Our older two certainly found the centre - and are probably sharing a joke about their parents still struggling to reach the middle

The Seigneurie Gardens are open to the public and very beautiful - the hydrangeas had to be seen to be believed - the range of colours was amazing

My favourite - clematis - rambling through the dahlias (my least favourite! - harbourers of earwigs, yeauchhhh!!!!)

A busy bee unknowingly pollinating a stunning white passionflower
And another of my favourites - this Osteospermum Whirligig always reminds me of the Seigneurie Gardens - I loved it the minute I set eyes on it during our last visit - I have the cream version in my garden now and keep on the lookout for this pink one to join it. I think the Seigneur might have had something to say if I'd dug this one up to bring home :o)))

One of the smaller carriages available for hire to tour the island - all the drivers have to do an island version of The Knowledge to give visitors a comprehensive guide as they drive them round
Of course, on an island with no motor vehicles apart from tractors, how else would you pull the ambulance to take patients down to the harbour and across on The Flying Christine, the Channel Islands emergency boat, to the hospital on Guernsey about an hours journey away. Nigel's cousin's daughter was almost born on the boat on the way to the maternity unit.

The main church on the island - this day there was a visiting brass band playing outside in the sunshine
The island post office which is owned by Nigel's cousin with the distinctive blue pillar box for the mail outside

And here is the island prison with Alan, the current Constable in the doorway - the post of Constable is an elected role which changes each year and is held by one of the residents - there are two cells inside which are seldom used, usually only if someone is more than a bit worse for wear to drink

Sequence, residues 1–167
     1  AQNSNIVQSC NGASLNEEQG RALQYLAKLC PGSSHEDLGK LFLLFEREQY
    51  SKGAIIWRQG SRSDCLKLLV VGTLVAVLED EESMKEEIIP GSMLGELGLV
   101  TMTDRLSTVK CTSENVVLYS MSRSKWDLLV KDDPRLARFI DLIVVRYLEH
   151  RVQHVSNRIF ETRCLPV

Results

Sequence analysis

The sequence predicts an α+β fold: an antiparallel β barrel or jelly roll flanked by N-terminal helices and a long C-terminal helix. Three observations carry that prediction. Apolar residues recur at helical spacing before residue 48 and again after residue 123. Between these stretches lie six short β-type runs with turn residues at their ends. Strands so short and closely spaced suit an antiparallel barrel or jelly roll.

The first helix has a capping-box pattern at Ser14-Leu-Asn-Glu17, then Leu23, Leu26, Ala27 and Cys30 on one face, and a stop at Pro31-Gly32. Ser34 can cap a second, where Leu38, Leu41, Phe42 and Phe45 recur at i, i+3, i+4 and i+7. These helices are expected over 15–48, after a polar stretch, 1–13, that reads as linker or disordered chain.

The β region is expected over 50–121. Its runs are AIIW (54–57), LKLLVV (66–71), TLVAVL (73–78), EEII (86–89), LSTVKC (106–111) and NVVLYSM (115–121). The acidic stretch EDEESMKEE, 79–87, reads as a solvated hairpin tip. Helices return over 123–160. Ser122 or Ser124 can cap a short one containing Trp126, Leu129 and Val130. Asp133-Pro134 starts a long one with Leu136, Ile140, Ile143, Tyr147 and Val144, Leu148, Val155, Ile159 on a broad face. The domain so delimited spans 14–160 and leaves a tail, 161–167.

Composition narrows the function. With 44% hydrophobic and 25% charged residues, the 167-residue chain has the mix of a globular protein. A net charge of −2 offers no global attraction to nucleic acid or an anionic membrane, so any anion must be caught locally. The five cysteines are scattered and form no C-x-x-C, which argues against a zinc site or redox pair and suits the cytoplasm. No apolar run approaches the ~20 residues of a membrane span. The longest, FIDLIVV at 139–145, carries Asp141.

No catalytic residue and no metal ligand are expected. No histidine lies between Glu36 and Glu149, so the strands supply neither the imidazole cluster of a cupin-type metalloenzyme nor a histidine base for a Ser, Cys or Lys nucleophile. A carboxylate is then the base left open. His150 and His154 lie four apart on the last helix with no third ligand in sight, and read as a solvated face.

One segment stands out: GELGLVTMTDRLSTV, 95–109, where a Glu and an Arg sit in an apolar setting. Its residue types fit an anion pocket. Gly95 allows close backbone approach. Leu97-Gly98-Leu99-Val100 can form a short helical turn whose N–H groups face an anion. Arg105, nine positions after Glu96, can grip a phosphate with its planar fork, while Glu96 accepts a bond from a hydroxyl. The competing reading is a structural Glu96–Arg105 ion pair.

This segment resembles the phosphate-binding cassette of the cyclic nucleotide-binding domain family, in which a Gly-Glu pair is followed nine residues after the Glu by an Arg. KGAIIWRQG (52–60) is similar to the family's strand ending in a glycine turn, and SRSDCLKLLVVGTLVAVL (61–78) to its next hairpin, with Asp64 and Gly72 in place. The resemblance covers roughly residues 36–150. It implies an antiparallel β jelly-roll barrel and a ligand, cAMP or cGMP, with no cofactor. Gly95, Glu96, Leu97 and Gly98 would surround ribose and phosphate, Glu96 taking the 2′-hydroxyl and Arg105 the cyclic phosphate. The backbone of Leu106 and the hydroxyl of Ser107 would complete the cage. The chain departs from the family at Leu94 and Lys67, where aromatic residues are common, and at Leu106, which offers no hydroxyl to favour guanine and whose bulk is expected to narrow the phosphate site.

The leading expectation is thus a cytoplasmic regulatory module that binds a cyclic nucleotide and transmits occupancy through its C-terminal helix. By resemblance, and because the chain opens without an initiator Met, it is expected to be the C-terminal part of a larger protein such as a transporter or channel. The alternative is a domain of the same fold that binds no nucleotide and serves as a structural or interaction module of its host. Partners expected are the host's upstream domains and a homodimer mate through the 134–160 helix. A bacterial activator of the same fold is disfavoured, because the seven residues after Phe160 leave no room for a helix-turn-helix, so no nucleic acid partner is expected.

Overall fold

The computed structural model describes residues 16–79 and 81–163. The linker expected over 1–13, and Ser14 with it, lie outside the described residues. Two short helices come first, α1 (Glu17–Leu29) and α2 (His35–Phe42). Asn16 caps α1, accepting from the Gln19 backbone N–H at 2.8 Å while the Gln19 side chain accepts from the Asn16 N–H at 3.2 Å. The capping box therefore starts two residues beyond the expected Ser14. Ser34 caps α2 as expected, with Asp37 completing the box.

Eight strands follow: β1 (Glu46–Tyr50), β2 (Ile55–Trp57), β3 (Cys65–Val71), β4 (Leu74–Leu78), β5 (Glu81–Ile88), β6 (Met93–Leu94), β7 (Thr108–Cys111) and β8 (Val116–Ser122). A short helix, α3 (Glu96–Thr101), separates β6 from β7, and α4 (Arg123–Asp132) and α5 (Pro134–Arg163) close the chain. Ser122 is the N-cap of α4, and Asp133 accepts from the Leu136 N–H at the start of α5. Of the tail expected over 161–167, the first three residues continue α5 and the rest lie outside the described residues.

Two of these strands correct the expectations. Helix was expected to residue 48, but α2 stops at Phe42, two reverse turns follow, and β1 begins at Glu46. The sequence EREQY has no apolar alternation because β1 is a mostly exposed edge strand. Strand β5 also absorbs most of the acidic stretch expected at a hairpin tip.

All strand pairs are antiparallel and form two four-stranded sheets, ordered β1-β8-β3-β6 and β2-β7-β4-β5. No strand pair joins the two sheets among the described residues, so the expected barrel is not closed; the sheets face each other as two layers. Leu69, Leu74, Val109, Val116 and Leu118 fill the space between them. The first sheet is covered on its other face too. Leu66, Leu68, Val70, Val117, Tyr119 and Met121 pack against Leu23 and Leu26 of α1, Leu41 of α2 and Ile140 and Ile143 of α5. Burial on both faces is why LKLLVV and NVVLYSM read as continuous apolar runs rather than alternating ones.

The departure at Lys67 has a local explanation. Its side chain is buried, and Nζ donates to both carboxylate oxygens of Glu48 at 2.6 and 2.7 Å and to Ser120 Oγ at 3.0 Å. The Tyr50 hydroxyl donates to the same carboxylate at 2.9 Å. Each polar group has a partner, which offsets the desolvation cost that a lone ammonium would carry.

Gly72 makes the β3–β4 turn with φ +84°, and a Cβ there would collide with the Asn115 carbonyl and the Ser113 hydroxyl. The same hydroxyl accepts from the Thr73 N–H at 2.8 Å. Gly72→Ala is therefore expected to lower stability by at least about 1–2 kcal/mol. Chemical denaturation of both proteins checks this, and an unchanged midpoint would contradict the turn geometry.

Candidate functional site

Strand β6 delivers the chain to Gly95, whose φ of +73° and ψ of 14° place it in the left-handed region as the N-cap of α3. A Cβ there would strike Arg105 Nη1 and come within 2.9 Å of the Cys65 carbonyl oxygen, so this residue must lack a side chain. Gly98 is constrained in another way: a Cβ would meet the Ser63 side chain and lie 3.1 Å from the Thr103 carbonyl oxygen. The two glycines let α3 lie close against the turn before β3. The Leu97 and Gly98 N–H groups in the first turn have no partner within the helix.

We thought it would be fun to lock Sarah up in one of the cells - fortunately Alan was happy to let her out

Here's Lou after a lovely meal out one evening at a local hostelry

And the two oldies taking a breather on the walk down to the harbour on our journey home
Finally a farewell to the island................. until the next time

14 comments:

Nancy said...

What a lovely travelog! I'd been missing you...

sewprimitive karen said...

Wow, I LOVE those pictures. Your kids are great. And the ambulance that is designed to be pulled by a tractor, wow, love it. Thank you for posting.

Chookyblue...... said...

what a wonderful rugged beautiful place........thanks for sharing the pics.........

AnnieO said...

It's been a pleasure visiting the Channel Islands with you! We have Channel Islands here too but they are uninhabited and are a National Park. Your holiday sounds very low key and restful, with no rushing from one place to another. Sorry it ended too soon!

Meggie said...

What a lovely vist to the Island of Sark! I love that there are no cars or noisy vehicles there. what bliss!

Sew Create It - Jane said...

Sounds delightful! I'm all relaxed just reading you account of your holiday! Looks like you had great weather. BTW, how do you get to the island if there are no cars? Is there a big car park somewhere? ;o)

We go back to school and work next Tuesday...grumble grumble...I'm not quite ready yet!

Gina said...

Love the photos. I think Sark is definitely going on the place to visit list

Love and hugs GIna xxx

sewkalico said...

A lovely holiday story! great pictures and wonderful weather!!

Ali Honey said...

I enjoyed your holiday thanks for all the photos.
I hope your school term goes well.

andsewitis Holly said...

What a wonderful island and stunning views! I know your summer seemed short but you had a lovely one I'd say. :)

Juliann said...

What a lovely getaway - I am putting the Channel Islands on my list of places to go :)
I agree about getting back to normality with the school year back in swing. Something about the routine changes everything.

Clare said...

Obviously I've heard a lot about Sark because of the German occupation in WW2, but I've never seen photos of it. It's beautiful.

We're back to school with a bang after 8+ weeks of being constantly on the go. I'm exhausted and guests are still arriving! Alex has suddenly realised that This Is It! Brevet's this year and she hasn't got a minute to breath!

Tanya said...

What a lovely vacation! Thank you for all the pictures. Your family made some great memories!

Cascade Lily said...

Oh Anne what an amazing place for a holiday! You lucky ducks. Just extraordinary and soooooo different to Australia in every way! Great photos too.